Cells derived from human long bone appear more differentiated and more actively stimulate osteoclastogenesis compared to alveolar bone-derived cells

C. Kelder, C.J. Kleverlaan, M. Gilijamse, A.D. Bakker, T.J. de Vries

Research output: Contribution to JournalArticleAcademicpeer-review

Abstract

Osteoblasts derived from mouse skulls have increased osteoclastogenic potential compared to long bone osteoblasts when stimulated with 1,25(OH)2 vitamin D3 (vitD3 ). This indicates that bone cells from specific sites can react differently to biochemical signals, e.g., during inflammation or as emitted by bioactive bone tissue-engineering constructs. Given the high turn-over of alveolar bone, we hypothesized that human alveolar bone-derived osteoblasts have an increased osteogenic and osteoclastogenic potential compared to the osteoblasts derived from long bone. The osteogenic and osteoclastogenic capacity of alveolar bone cells and long bone cells were assessed in the presence and absence of osteotropic agent vitD3 . Both cell types were studied in osteogenesis experiments, using an osteogenic medium, and in osteoclastogenesis experiments by co-culturing osteoblasts with peripheral blood mononuclear cells (PBMCs). Both osteogenic and osteoclastic markers were measured. At day 0, long bones seem to have a more late-osteoblastic/preosteocyte-like phenotype compared to the alveolar bone cells as shown by slower proliferation, the higher expression of the matrix molecule Osteopontin (OPN) and the osteocyte-enriched cytoskeletal component Actin alpha 1 (ACTA1). This phenotype was maintained during the osteogenesis assays, where long bone-derived cells still expressed more OPN and ACTA1. Under co-culture conditions with PBMCs, long bone cells also had a higher Tumor necrose factor-alfa (TNF-α) expression and induced the formation of osteoclasts more than alveolar bone cells. Correspondingly, the expression of osteoclast genes dendritic cell specific transmembrane protein (DC-STAMP) and Receptor activator of nuclear factor kappa-B ligand (RankL) was higher in long bone co-cultures. Together, our results indicate that long bone-derived osteoblasts are more active in bone-remodeling processes, especially in osteoclastogenesis, than alveolar bone-derived cells. This indicates that tissue-engineering solutions need to be specifically designed for the site of application, such as defects in long bones vs. the regeneration of alveolar bone after severe periodontitis.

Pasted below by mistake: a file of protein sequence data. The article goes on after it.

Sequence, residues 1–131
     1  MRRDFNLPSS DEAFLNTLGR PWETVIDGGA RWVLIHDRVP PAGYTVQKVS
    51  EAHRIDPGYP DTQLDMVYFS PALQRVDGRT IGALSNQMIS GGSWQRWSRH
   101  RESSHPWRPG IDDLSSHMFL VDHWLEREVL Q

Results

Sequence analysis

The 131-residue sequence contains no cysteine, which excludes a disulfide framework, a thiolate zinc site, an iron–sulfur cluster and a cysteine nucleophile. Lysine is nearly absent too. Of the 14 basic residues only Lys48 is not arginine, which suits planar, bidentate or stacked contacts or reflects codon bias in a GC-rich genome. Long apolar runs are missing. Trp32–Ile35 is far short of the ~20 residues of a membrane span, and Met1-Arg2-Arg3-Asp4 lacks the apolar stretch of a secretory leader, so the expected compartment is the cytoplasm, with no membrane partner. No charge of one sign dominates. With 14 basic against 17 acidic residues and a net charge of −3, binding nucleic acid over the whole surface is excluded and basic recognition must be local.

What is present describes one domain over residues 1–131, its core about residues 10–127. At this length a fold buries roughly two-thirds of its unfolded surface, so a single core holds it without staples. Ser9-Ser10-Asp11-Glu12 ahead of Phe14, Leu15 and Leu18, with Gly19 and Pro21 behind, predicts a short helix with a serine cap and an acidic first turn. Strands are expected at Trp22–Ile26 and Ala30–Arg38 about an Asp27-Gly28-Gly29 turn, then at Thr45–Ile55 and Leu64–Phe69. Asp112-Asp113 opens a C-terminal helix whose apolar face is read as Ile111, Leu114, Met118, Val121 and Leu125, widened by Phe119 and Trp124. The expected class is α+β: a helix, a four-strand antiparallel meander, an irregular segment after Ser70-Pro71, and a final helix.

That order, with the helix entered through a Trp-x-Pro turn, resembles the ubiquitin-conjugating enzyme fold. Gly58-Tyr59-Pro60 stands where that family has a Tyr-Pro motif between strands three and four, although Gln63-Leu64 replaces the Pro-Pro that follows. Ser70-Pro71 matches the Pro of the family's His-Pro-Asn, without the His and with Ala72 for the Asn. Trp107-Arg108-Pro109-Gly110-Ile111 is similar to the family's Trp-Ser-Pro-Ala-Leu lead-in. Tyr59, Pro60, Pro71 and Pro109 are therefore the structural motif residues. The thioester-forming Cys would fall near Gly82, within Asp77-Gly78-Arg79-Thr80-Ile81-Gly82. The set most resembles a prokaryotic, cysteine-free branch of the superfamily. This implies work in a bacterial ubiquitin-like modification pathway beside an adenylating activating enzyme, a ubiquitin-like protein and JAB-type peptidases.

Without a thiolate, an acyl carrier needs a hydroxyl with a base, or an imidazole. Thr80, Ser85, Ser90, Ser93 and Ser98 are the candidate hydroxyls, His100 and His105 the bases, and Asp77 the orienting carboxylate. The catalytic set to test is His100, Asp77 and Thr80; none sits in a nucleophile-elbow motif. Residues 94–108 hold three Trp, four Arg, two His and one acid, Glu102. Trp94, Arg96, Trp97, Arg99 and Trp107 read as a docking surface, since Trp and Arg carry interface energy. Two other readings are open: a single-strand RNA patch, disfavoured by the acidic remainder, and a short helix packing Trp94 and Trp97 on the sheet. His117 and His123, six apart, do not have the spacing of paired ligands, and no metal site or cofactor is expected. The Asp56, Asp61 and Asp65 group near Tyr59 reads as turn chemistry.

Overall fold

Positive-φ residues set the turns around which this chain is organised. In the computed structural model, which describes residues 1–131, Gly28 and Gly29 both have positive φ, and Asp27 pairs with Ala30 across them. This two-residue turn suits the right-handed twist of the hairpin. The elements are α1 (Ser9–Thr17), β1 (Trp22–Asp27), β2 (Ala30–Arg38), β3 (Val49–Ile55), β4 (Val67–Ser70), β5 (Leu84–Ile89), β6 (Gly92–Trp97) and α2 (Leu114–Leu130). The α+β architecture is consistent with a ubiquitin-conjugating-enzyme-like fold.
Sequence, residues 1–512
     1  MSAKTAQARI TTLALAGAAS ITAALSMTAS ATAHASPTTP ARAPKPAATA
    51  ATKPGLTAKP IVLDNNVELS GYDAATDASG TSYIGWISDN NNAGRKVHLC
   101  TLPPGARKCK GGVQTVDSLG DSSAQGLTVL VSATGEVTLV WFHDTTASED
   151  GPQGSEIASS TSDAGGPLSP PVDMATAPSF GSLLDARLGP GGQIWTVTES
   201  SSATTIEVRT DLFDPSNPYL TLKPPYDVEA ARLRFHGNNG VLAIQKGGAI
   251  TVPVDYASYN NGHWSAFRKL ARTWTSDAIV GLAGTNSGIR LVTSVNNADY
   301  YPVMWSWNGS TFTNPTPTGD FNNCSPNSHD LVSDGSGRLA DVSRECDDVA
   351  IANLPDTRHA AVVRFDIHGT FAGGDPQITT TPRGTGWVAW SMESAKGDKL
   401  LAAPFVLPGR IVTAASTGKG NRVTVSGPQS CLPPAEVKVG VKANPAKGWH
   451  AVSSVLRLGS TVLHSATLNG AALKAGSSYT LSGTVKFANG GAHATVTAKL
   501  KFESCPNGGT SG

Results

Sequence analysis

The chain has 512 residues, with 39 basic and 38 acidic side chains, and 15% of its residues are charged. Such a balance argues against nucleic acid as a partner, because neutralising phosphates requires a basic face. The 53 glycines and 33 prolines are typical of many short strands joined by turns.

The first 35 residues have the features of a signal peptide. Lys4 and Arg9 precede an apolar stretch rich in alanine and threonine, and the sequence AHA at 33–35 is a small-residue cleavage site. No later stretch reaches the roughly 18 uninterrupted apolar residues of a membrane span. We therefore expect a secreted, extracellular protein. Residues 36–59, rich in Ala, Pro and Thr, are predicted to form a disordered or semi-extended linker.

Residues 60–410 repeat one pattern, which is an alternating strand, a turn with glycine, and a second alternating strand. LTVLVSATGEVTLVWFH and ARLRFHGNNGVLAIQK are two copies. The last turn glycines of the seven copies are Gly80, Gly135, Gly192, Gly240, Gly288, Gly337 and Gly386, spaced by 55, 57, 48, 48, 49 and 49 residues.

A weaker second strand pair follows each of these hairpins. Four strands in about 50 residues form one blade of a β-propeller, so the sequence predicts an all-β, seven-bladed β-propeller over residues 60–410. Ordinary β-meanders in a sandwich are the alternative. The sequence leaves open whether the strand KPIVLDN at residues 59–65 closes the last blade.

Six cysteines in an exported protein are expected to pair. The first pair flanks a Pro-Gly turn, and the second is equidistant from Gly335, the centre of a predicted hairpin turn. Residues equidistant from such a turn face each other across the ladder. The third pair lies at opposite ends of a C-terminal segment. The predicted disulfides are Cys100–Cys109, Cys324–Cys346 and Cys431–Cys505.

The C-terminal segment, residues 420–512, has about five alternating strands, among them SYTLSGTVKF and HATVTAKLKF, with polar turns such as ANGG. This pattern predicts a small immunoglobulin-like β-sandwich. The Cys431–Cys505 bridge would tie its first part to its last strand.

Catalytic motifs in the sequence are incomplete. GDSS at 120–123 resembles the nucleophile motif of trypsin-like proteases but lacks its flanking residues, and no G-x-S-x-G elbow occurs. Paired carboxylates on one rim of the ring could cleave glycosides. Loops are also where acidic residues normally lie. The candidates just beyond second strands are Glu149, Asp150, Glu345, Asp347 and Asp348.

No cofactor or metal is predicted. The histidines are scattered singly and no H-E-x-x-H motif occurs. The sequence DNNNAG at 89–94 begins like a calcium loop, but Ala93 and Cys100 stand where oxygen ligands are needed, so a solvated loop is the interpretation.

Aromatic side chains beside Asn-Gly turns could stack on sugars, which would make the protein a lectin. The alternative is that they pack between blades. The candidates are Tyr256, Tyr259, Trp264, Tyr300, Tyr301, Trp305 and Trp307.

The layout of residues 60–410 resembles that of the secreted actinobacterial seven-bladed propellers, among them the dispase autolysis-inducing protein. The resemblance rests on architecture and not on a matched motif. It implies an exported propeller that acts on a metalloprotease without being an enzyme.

Original languageEnglish
Article number5072
Pages (from-to)1-17
Number of pages17
JournalInternational Journal of Molecular Sciences
Volume21
Issue number14
DOIs
Publication statusPublished - 2 Jul 2020

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